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Overall, Thor: The Dark World is an enjoyable, humorous, and exciting adventure. However, it isn’t as satsifying as the first Thor movie. It does have a lot going for it, the special effects are top notch, as is the production design that showcases various worlds that Thor and Malekith battle in during their epic conflict. Regarding the acting, everyone does a fine job but Hiddleston steals each scene he’s in with his portrayal of Loki. Hiddleston simply doesn’t let go of his screentime. It’s clear that he relishes what he is doing and Loki is now the top villain in the Marvel Cinematic Universe. It’s unfortanate that Malekith can’t compare to that. On paper he is a good villain but he comes as a by-the-numbers foe for Thor that lacks Loki’s gravitas.

The core issues with this film have to do with the feeling that the stakes are high this time out. Sure the universe is imperiled but it’s hard to feel as if there was any danger. We know that Thor and company will prevail, and even an important character death doesn’t have much impact. Adding to that problem is that Thor doesn’t have the emotional journey that he had in the first film. He doesn’t have to learn humility or any other lessons. Here, he’s an obedient son to Odin and is more of a traditional superhero with few faults. But now he doesn’t have that Arthurian journey to undergo.

Still, this is a well-crafted movie that adds to the Marvel Cinematic Universe. Be sure to stick around for the two secret endings!

Steven L. Walterson and Lewis T. Grove

The Avengers Changes Superhero Films Forever

Wow. The new movie The Avengers literally left me breathless and spent after seeing it. Marvel Studios needs to take a well-deserved bow for their efforts throughout the years that culminated in this film. Many had doubts regarding the ability to pull this endeavor off but they are quickly dispelled with The Avengers. It so profusely feels like the climax that had been building up for many years.

Marvel Studios clearly made the right choice with Joss Whedon as the film’s director. He has the filmmaking talent and perhaps, more importantly, possesses a clear love and respect for the Marvel universe and it shows onscreen. But this film isn’t some slavish fanboy production. No, Joss Whedon and the crew had an understanding of how the Marvel universe works, how the Marvel characters behave and how to translate that to the screen and entertain even non-Marvel fans. It is difficult to imagine anyone else achieving what Whedon did and The Avengers will make him a deservedly A-list director. (On a side note, hopefully he will have the clout now to do a Firefly revival. Hey, we can only hope!)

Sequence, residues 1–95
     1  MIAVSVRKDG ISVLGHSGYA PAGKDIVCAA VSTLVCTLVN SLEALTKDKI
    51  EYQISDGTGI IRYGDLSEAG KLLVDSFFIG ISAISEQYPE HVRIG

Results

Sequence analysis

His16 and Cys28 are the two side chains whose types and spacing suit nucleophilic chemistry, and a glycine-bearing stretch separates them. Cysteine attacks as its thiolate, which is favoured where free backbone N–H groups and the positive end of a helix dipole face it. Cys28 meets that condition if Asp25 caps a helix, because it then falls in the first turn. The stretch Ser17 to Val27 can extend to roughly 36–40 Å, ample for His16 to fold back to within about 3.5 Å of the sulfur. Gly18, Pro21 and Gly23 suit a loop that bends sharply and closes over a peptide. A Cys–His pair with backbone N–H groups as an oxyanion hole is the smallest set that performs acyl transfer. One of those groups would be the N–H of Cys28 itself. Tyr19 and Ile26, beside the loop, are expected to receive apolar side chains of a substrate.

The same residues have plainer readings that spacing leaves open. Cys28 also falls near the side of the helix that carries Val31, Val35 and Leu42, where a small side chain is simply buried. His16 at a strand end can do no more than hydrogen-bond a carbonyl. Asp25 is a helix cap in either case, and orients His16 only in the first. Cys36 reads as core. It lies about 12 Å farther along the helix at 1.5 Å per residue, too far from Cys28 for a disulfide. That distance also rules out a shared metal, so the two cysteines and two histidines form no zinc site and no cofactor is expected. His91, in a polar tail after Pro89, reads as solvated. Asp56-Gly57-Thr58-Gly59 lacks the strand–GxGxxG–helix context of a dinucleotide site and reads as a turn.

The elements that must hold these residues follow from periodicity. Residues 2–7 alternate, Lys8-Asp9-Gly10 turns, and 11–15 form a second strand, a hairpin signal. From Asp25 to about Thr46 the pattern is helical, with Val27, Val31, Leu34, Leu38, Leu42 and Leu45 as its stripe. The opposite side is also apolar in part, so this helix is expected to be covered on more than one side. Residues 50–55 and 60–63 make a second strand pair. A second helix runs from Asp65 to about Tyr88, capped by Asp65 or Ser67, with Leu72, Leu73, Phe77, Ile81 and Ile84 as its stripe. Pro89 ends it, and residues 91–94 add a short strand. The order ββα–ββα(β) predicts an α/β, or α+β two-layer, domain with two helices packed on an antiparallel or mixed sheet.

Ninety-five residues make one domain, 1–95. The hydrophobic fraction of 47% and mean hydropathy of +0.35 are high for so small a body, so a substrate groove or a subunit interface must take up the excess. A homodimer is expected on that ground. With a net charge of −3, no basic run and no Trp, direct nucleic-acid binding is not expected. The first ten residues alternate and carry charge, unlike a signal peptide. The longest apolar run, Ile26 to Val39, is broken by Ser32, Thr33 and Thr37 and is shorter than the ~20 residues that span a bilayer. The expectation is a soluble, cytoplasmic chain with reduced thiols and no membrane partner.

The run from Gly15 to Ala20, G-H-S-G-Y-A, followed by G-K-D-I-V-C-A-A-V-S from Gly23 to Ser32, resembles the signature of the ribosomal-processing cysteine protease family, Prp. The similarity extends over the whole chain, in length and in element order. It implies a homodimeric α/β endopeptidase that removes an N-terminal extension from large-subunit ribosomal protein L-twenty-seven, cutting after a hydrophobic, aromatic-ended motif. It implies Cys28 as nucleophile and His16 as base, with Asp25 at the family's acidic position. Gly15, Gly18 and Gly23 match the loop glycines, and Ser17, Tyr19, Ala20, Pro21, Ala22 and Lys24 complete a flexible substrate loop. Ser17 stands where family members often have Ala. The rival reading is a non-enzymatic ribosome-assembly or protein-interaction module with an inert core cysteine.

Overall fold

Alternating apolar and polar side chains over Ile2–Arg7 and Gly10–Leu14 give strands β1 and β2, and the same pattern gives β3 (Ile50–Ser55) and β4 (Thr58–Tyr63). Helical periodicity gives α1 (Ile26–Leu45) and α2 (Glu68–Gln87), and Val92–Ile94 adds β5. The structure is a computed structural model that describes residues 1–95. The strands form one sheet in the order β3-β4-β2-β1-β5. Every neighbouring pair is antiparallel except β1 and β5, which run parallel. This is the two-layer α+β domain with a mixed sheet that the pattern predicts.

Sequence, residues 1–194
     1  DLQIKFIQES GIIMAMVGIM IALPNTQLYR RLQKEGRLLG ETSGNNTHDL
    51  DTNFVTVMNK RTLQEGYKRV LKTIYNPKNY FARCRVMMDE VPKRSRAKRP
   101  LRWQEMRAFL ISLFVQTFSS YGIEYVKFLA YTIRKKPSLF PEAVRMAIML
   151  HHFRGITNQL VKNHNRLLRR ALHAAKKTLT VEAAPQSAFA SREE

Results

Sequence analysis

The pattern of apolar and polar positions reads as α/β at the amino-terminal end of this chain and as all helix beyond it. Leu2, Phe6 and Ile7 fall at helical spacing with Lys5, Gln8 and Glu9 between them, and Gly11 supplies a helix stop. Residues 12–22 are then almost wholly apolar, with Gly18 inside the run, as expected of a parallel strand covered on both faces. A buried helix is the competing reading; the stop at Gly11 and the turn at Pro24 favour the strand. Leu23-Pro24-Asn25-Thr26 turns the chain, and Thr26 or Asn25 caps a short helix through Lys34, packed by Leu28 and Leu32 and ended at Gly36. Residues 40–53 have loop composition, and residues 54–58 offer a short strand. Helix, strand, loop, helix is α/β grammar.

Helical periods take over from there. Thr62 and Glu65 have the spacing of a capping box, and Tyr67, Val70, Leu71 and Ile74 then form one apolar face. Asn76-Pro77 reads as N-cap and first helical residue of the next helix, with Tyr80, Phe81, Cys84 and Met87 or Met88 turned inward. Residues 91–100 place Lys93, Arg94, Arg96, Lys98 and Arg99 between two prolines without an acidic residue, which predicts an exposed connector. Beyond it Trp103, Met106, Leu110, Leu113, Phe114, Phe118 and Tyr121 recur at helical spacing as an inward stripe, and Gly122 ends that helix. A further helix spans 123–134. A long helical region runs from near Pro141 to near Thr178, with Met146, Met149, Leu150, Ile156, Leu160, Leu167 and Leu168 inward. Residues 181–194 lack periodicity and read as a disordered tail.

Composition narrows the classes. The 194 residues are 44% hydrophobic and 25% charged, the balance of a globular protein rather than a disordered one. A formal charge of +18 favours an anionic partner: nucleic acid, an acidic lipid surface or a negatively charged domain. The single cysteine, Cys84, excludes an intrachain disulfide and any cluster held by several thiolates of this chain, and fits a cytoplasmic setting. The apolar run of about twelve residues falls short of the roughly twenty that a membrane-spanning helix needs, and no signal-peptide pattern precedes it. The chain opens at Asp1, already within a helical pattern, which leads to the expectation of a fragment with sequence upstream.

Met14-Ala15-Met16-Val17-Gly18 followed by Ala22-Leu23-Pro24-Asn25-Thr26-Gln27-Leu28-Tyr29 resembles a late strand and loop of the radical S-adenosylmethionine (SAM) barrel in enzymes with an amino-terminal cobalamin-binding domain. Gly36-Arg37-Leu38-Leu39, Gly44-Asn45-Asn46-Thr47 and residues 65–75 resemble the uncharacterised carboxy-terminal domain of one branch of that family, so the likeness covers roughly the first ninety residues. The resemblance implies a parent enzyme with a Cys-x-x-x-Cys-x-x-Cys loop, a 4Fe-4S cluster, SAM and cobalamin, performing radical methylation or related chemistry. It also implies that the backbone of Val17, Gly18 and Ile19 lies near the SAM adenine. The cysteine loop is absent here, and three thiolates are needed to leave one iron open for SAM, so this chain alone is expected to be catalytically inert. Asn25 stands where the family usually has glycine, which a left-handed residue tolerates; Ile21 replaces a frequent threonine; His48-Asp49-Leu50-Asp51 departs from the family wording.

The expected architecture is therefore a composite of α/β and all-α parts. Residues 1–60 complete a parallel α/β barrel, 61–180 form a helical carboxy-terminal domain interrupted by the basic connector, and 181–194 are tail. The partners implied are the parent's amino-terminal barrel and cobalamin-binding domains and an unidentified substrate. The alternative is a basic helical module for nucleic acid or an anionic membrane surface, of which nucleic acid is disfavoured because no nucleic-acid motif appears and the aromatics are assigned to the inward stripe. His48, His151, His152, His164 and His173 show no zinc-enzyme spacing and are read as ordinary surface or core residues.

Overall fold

The Avengers jumps right into the action when demigod Thor’s (Chris Hemsworth) nemesis and brother Loki (Tom Hiddleston) arrives at an underground S.H.I.E.L.D. bunker and makes off with an otherworldly and powerful MacGuffin called the Tesseract (that’s the Cosmic Cube seen in many Marvel comics that grants unlimited power to wielders). After Loki escapes from the bunker, S.H.I.E.L.D. director Nick Fury (played by Samuel L. Jackson doing his usual tough-as-nails shtick) assembles a team of super heroes to help him retrieve the Tesseract and stop Loki’s plan to conquer the Earth.

Then the fun begins as beloved characters like Tony Stark/Iron Man (Robert Downey, Jr.), Steve Rogers/Captain America (Chris Evans), Thor, Dr. Bruce Banner/Hulk (Mark Ruffalo, replacing Edward Norton and Eric Bana), Natasha Romanoff/Black Widow (Scarlett Johansson) and Clint Barton/Hawkeye (Jeremy Renner) meet for the first time. In the typical Marvel comics manner, they don’t get along with each other and even come to blows. But they learn to get along and even respect one another just in time to confront Loki and his alien army.

The Avengers is an action-packed bonanza with fantastic characters and that’s before the climatic final third of the film. Taking place in New York City, the beachhead for Loki’s alien invasion, the explosive, multi-tiered battles on the streets and in the skies are simply spectacular. There have been some complaints over how low-budget some previous Marvel Studios productions have been, but here no expense was spared. But unlike some empty, big-budget films, the action was very fluid and easy to follow, but more importantly the audience cared deeply about the heroes as they fought the alien army. Each character, even some minor ones, had their moment to shine. The Avengers could’ve easily been dominated by one or two characters like Iron Man due to the actor’s charisma but Joss Whedon knows how to give the actors just enough time to make their contributions before moving on the next character or plot point.

This film has set new standards for super hero films. One can only wonder how the filmmakers will top themselves (a clear, audience-rousing hint is given during the end credits; Marvel fans will rejoice) or how other studios’ films can compare to this one. Marvel Studios would be wise to retain Whedon for the inevitable sequel or at least use him for other productions. BTW, stick around for the very end, there’s another post-credit sequence. Without giving anything away, it isn’t anything earth-shattering, but rather a cinematic equivalent of having a cigarette or a relaxing drink after being so pumped out by the movie.

José Soto